Innovative and aggressive measures are needed to tackle slum housing.
Honest, I try to keep my cool as your representative at City Hall.
But there are days.
One such day was October 29th in Urban Planning Committee. We discussed a report on how government tracks, inspects, and enforces safe conditions in what we politely term “problem properties.”
Such properties are known to us as derelict housing or slum housing, or by terms unsuitable for general audiences.
My frustration? The report was so vague in its language, so bland in its terminology, so bureaucratic in voice and structure, that it defied understanding.
Example: The Problem Properties Task Force was renamed the Residential Living Governance Committee.
I’m a fan of plain language. Plain language allows us to understand issues, develop opinions, and convey those opinions to decision makers.
The report – and the rebrand to Residential Living Governance Committee – failed completely to convey: A) the problem; or B) government response.
Why the weasel words and jargon? I suspect it’s because we lack conviction to follow through on slum housing.
Why? Imagine if the City shut down each and every substandard house. Where would the residents reside? We have few options at this point, outside of shelters. And as the recent tent city in McCauley reveals, scores of homeless folks refuse to stay in shelters.
I remain hopeful. City staff will have reported on December 4th concerning options to safely house vulnerable people in the short- and medium-term, as we plan the long-term: building 900 units of permanent supportive housing.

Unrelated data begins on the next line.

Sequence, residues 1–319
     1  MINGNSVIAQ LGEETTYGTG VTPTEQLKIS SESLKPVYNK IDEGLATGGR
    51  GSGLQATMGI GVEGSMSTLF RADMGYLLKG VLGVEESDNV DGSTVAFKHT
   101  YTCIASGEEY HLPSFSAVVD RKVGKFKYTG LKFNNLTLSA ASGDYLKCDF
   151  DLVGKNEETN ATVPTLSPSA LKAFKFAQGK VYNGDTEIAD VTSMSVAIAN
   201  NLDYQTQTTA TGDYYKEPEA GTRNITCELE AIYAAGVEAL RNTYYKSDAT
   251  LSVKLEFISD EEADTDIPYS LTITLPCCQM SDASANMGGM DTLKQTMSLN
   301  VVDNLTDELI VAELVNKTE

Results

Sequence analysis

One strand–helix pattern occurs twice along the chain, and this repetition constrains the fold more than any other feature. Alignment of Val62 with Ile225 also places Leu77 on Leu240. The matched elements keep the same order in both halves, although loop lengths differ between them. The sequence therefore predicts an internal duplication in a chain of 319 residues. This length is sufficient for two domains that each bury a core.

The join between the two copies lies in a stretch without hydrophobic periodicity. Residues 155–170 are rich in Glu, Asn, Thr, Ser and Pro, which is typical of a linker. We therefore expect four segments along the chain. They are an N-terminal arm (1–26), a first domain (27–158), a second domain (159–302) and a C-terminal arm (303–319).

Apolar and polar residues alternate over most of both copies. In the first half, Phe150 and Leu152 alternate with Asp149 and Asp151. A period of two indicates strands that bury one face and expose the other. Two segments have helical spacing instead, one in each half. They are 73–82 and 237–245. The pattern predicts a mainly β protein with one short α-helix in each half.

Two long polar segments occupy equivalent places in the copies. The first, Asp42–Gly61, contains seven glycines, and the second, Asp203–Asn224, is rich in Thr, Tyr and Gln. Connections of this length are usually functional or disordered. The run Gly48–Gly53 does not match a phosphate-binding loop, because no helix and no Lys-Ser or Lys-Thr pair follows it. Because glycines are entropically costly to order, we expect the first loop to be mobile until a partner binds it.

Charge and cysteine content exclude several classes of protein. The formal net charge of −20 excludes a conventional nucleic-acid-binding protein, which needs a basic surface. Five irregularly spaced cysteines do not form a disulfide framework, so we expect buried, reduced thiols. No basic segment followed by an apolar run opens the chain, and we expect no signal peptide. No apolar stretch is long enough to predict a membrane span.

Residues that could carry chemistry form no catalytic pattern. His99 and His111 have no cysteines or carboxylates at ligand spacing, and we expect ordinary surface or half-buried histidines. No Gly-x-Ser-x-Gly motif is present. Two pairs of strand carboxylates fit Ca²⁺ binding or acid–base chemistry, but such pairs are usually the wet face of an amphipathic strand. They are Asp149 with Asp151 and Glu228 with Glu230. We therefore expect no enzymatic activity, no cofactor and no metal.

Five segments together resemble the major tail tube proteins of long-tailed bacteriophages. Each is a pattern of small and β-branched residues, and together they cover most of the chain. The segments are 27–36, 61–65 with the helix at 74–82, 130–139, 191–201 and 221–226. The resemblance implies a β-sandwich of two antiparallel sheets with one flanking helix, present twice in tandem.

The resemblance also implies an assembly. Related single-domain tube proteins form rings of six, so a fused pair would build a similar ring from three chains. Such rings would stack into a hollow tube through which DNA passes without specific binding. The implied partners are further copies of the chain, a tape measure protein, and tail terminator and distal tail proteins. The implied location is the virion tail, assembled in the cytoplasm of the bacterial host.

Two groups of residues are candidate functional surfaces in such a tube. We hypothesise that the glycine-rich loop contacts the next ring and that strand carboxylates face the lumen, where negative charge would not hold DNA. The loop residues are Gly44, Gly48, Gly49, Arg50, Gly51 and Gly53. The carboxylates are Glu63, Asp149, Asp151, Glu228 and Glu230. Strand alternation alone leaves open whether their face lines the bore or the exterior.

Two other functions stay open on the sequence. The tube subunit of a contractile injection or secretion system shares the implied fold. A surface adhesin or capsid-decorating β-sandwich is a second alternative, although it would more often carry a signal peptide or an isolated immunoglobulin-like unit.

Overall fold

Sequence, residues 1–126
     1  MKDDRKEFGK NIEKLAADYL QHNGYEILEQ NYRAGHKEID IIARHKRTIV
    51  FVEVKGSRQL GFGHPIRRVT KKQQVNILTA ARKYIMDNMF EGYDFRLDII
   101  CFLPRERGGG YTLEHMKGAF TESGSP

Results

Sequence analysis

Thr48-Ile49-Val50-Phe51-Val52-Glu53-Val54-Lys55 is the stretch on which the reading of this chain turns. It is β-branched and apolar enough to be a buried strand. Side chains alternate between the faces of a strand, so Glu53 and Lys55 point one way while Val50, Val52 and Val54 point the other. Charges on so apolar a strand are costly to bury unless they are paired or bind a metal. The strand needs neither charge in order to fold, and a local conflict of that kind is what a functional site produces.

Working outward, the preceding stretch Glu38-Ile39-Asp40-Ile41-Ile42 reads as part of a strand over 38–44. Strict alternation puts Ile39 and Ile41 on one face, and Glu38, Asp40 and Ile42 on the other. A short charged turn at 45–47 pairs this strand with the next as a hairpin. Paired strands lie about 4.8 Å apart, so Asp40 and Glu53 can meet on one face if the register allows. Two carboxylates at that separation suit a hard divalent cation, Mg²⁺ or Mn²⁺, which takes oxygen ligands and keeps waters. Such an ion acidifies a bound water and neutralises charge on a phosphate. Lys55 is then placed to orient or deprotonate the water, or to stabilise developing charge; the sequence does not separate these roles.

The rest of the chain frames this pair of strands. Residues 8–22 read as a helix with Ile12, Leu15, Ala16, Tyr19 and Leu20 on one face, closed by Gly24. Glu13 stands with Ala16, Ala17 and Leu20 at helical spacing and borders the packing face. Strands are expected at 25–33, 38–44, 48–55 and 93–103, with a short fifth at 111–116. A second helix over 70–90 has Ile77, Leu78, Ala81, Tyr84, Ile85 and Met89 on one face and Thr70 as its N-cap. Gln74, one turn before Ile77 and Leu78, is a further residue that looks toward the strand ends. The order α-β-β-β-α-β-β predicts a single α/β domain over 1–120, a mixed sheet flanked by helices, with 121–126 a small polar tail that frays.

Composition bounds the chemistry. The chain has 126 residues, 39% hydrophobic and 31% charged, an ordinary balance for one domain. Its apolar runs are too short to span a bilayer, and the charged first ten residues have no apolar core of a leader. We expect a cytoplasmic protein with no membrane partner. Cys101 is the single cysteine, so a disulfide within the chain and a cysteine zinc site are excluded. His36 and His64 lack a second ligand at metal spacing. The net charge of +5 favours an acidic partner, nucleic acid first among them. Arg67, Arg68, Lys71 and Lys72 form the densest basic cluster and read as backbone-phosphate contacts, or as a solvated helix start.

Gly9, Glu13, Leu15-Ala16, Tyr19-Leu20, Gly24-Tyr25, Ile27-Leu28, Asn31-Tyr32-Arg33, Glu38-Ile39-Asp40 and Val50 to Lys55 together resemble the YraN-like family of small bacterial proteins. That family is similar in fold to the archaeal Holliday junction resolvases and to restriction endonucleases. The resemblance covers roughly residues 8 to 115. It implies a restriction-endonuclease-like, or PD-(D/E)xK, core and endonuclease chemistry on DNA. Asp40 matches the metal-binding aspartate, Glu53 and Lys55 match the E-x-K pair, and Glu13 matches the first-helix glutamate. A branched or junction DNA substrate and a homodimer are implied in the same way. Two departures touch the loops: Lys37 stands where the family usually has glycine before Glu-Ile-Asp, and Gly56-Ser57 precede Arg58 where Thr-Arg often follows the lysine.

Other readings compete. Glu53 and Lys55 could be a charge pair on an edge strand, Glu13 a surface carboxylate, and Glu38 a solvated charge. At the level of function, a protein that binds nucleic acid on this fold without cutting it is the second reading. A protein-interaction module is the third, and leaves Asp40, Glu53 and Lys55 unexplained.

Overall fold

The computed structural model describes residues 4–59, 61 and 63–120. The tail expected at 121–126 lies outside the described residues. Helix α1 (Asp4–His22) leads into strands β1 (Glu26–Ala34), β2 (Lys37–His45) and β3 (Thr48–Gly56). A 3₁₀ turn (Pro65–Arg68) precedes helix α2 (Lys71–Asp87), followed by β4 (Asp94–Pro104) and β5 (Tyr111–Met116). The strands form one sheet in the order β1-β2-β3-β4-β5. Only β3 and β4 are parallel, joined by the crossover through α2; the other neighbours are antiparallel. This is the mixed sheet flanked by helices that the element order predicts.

I’m also hopeful because governments around the world are using the lens of human rights on housing. Our most wounded citizens deserve to be cared for with compassion and with their health and humanity respected. This is in line with the federal government’s announcement of the National Housing Strategy based on Canada’s obligations under international human rights law to implement the right to housing.
Research on vacant or problem properties shows that partnership between city agencies and community members is critical in devising a strategic plan. The Safer McCauley meetings organized by Mark Davis and REACH are a great example of that. It was through one of those meetings I was alerted to the limitations of the Residential Living Governance Committee.
So I tabled a motion, supported by committee, asking administration to create an action plan with innovative and aggressive measures to tackle the scourge of slum housing. We need to call out exploitation for what it is.
Councillor Scott McKeen represents Ward 6 on City Council.